“Our patients have options,” Duca said. “And we want to give them every reason in the world to choose The University of Toledo Medical Center.”

UT enrollment retention spikes as strategy leads to rise in academic indicators

University of Toledo student retention increased sharply as the institution continued its efforts to increase academic standards and require additional academic preparedness from incoming students.

“As we prepared for recruitment last fall, UT’s Board of Trustees and President Lloyd Jacobs directed us to place greater emphasis on the recruiting and retaining of students with a higher level of academic preparedness, and we’re right where we expected to be,” said Lawrence J. Burns, vice president for external affairs and interim vice president for equity and diversity, who oversees UT enrollment efforts.

As of Jan. 24’s 15-day census, UT enrolled 21,108 students, a 2.3 percent drop from this time last year. The University’s full-time equivalency (FTE) — the figure used to determine state subsidy — is 17,798. FTE is calculated by the total number of course credit hours taken by students divided by 15 and often conveys a more accurate representation of the way enrollment affects an institution’s finances.

Burns said a strategy including higher admission standards in several academic colleges, deferral of several hundred underprepared students in the fall semester, and focused scholarship programs like the Blue & Gold Scholar Award already had shown increased academic achievement among UT students.

Kevin Kucera, associate vice president for enrollment services, pointed to a 7 percentage point increase in retention rates for direct from high school students from last fall to the current semester as compared to last year. The return rate jumped 14 points for Blue & Gold Scholars from fall to the current semester up to 92 percent from last year.

“We’re keeping a far greater percentage of the students we recruited this fall and that is exactly because we’re recruiting students who are more academically prepared,” Kucera said, noting that the college grade point averages of Blue & Gold Scholars jumped nearly 0.6 points from Fall 2009 to Fall 2010.

Spring 2011 also will mark the final census report for several colleges that were created or merged following the reorganization of the academic enterprise late last year.

“The elevation of the new Honors College along with more prominent colleges in the arts, humanities, social sciences and natural sciences will all serve to attract high-quality students,” Jacobs said, “as will the new Judith Herb College of Education, Health Science and Human Service.”

Jacobs also pointed out that the newly formed colleges of Innovative Learning and Adult and Lifelong Learning will be leaders in helping colleges, schools and departments retain the students that select to pursue their degrees at UT.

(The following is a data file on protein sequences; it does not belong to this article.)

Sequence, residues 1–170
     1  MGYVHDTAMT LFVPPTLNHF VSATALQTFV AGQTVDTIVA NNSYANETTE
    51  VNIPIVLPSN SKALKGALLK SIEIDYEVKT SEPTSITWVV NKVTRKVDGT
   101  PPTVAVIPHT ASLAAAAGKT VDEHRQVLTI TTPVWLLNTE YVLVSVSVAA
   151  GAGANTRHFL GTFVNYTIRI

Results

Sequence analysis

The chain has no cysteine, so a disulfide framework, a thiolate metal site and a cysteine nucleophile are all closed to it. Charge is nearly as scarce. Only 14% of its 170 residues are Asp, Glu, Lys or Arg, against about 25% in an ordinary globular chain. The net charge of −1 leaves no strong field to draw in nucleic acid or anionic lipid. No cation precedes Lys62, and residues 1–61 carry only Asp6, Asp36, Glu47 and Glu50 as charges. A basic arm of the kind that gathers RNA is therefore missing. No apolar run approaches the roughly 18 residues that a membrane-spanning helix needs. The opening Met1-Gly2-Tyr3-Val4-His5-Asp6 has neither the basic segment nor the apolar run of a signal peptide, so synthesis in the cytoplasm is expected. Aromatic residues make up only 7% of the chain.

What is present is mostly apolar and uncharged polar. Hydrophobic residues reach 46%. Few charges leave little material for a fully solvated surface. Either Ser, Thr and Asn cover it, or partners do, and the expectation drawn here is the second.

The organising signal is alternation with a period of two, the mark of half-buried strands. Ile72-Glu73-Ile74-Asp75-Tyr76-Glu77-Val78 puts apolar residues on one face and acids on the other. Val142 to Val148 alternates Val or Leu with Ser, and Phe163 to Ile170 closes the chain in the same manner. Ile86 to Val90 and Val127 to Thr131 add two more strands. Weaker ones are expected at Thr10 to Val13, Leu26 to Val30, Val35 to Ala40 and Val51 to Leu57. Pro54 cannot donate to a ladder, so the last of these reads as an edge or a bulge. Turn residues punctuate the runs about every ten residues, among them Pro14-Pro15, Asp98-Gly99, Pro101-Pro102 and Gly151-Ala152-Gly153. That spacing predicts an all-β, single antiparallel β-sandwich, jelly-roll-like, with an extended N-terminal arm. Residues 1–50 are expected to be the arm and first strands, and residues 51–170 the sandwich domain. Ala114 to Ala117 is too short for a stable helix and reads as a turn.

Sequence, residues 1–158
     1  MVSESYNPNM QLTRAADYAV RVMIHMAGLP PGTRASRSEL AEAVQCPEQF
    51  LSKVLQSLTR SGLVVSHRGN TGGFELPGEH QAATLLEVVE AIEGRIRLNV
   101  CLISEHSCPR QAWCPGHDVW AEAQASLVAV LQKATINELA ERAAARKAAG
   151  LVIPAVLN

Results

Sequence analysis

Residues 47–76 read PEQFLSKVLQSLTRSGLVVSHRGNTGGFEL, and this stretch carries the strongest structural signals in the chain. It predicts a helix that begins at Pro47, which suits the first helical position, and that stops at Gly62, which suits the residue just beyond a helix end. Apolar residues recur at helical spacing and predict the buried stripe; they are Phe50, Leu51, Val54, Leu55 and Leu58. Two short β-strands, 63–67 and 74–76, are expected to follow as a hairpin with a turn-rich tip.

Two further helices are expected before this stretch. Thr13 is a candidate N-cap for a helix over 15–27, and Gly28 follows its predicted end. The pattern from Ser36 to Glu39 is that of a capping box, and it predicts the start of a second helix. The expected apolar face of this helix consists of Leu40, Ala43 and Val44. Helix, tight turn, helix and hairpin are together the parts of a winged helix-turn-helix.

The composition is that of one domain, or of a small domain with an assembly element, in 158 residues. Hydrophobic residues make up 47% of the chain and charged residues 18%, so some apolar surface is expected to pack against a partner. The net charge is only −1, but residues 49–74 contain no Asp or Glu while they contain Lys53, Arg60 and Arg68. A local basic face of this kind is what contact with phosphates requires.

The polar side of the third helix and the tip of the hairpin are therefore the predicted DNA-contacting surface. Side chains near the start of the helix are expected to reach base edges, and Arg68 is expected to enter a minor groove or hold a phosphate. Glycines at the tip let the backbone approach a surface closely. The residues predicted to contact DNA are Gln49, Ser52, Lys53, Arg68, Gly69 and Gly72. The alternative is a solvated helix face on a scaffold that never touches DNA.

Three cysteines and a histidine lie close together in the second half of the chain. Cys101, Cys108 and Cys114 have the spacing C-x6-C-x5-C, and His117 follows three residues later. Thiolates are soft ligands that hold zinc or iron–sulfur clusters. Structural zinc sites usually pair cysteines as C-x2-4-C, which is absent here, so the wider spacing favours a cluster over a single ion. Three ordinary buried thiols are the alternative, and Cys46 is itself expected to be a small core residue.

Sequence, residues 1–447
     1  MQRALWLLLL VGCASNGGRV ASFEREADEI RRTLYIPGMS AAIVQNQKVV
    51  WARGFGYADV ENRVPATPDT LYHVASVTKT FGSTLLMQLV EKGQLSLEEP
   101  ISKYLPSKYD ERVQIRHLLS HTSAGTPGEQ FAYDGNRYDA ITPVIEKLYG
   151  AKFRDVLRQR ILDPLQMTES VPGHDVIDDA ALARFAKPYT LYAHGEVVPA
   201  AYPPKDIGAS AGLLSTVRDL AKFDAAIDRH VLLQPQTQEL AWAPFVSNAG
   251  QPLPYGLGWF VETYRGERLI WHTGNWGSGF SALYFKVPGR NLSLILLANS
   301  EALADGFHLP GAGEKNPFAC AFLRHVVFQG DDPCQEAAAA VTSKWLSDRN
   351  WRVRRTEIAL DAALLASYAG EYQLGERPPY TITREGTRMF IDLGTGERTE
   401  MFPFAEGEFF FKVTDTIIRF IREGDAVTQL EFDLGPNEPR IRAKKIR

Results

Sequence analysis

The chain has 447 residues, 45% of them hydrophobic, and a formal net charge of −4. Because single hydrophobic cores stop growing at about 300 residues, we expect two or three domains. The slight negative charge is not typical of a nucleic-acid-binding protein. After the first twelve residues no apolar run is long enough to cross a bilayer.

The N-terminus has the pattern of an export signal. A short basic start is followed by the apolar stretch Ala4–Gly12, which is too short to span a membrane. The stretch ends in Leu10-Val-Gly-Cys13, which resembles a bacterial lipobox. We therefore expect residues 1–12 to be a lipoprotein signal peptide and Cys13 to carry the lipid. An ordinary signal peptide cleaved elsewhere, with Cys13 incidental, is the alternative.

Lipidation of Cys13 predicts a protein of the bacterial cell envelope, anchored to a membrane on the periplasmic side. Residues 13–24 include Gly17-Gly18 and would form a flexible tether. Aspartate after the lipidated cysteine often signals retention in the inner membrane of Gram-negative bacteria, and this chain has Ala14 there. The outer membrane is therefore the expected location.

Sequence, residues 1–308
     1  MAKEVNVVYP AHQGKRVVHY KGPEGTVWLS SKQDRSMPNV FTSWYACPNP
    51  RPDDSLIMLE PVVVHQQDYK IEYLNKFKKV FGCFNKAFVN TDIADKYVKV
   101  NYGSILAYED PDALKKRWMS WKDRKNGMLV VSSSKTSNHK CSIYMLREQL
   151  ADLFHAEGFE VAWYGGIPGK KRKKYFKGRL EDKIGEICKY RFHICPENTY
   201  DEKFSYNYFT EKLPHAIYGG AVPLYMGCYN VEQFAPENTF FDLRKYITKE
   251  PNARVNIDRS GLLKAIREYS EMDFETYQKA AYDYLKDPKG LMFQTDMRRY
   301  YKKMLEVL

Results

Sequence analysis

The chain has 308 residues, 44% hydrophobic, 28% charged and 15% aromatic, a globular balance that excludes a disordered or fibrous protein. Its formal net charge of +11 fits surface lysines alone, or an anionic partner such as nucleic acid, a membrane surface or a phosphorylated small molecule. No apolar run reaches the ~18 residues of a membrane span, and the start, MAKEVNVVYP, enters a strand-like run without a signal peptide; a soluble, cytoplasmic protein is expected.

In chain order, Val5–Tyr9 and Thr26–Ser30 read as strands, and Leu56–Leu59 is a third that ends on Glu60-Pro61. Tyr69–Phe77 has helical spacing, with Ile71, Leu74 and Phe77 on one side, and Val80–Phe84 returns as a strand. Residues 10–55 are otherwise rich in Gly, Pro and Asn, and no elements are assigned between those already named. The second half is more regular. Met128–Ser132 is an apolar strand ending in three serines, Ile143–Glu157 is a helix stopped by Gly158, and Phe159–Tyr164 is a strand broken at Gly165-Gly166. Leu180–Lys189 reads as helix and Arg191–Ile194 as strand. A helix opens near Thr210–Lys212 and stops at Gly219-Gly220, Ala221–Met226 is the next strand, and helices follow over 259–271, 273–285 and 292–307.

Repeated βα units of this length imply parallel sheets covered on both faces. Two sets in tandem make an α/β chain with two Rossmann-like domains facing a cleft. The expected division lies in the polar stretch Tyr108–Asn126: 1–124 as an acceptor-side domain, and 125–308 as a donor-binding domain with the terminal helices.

Letter to UT community updates credit card processing error

Below is a letter regarding the recent computer software error at the University that resulted in a backlog of food service credit card payments made on Main and Health Science campuses. It was sent by e-mail to students, faculty and staff Monday, Jan. 24.

Students, faculty and staff,

As you may be aware, a computer glitch identified last week has caused some members of The University of Toledo community to see a sudden backlog of charges to their bank accounts.

We sincerely apologize for any inconvenience this has caused and are working diligently to resolve the situation so that no harm comes to those impacted. A team has been dispatched to analyze individual situations on a case-by-case basis to ensure the accuracy of charges.

In short, the glitch caused our systems to hold up a large number of transactions dating back to Sept. 28, 2010. Once the glitch was discovered, the transactions were fully processed Jan. 10. During this period, charges would appear as “pending” on the customer’s account for a time, yet they were never completed.

While we have no reason to believe there was any duplication of charges, we will work to reconcile the transactions with the records and financial institutions of anyone who believes they were negatively impacted.

If you recently incurred charges for purchases made between Sept. 28, 2010, and Jan. 9, 2011, and have concerns, you may visit https://entapps00.utoledo.edu/diningcharges/ for additional information and potential remedies for overdraft fees should you have incurred them. The website will provide you with instructions on how to submit a request for assistance electronically to auxiliaryservices@utoledo.edu.

UT has, and will continue to, reach out to our customers’ financial institutions in an effort to get overdraft fees waived.

You may also submit inquires by calling 419.530.1640; however, submitting your information through the website will help expedite the process.

Thank you in advance for showing understanding in this matter. Please know that we are working hard to correct this unfortunate situation.


David Dabney, Vice President for Finance
Kaye Patten Wallace, Vice President for Student Affairs